Use this URL to cite or link to this record in EThOS: http://ethos.bl.uk/OrderDetails.do?uin=uk.bl.ethos.489834
Title: Regionalisation, Devolution and theTrades Union Congress (TUC)
Author: O'Brien, Peter
Awarding Body: University of Newcastle upon Tyne
Current Institution: University of Newcastle upon Tyne
Date of Award: 2005
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Abstract:
From a position of relative isolation, trade unions have begun to emerge as influential agents in regional and devolved governance and development in the UK. Drawing on comparative analysis of the experience of the Trades Union Congress (TUC) in North East England, North West England and Wales, this thesis argues that devolution and regionalisation are exerting pressures on peak union bodies and individual unions to adopt multi-level approaches to organisation across a range of scales - local, sub-regional, regional, sub-national, national and international - in order to connect with structures and inter-connectiveness of multi-level governance. A strategic relational approach to multi-level organisation hints at the decentralisation of power, authority and resources within the labour movement - challenging the I}ational and centralised legacy of British trade union collective bargaining history. Multi-level organisation also requires sufficient institutional capacity within and across different scales, an awareness of the contingency of place and the role played by peak union bodies, coupled with an understanding of the structures required to engender greater participation, accountability, transparency and the delivery of meaningful interventions. Where these variables appear to exist, it is possible to detect a tentative link between the participation of organised labour in devolved and regional governance and strategies seeking to deliver trade union renewal. Devolved and regional governance in the UK has presented a critical juncture to begin re-shaping existing, and open up new, channels of engagement and influence for the TUC, which is, to a degree, reproducing many of the central issues of class logics of collective action for labour in the workplace and within the wider political economy. Key words: TUC, trade unions, regions, devolution, scale and multi-level governance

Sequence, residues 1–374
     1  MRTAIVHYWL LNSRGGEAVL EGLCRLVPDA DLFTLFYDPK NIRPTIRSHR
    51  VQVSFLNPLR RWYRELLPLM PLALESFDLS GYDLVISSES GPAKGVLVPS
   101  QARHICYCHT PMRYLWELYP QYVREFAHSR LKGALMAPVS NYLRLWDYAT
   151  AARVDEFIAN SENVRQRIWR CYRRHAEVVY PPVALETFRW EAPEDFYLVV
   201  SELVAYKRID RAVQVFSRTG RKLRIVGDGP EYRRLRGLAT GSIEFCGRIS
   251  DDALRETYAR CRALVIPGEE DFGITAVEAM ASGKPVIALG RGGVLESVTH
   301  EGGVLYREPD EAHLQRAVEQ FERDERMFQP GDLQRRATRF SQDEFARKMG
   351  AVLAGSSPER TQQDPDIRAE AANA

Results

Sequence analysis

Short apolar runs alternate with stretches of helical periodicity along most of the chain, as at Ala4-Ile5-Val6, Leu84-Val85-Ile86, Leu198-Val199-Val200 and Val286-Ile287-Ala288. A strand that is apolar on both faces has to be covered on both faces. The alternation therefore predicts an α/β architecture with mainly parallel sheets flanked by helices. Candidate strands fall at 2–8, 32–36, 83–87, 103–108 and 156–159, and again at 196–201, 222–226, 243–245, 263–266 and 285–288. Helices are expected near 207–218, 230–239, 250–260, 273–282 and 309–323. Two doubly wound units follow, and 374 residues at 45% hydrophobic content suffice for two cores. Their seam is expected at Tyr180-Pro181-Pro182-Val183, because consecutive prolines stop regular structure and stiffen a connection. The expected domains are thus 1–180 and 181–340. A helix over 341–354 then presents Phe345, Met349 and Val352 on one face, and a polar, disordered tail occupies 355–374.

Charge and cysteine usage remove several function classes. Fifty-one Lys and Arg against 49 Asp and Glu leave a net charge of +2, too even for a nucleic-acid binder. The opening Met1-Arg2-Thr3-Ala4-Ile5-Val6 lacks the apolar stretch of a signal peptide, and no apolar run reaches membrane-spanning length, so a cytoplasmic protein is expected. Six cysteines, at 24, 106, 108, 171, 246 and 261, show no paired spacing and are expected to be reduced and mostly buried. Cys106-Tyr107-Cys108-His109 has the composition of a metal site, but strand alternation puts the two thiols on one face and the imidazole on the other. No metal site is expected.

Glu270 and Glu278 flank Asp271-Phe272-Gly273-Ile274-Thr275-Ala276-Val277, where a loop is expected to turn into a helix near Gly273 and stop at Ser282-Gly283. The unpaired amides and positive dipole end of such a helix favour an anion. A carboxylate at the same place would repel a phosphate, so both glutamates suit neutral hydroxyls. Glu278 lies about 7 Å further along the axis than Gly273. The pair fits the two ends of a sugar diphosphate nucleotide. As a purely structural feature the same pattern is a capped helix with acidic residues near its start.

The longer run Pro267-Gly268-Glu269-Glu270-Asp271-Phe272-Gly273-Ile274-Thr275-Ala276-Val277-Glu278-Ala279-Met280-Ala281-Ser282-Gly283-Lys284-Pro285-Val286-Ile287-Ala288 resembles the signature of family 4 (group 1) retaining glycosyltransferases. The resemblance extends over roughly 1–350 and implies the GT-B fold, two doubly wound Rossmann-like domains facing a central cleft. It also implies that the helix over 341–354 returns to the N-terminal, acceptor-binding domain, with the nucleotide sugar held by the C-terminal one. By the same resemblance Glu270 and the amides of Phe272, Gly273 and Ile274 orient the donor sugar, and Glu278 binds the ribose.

Supervisor: Not available Sponsor: Not available
Qualification Name: University of Newcastle upon Tyne, 2005 Qualification Level: Doctoral
EThOS ID: uk.bl.ethos.489834  DOI: Not available
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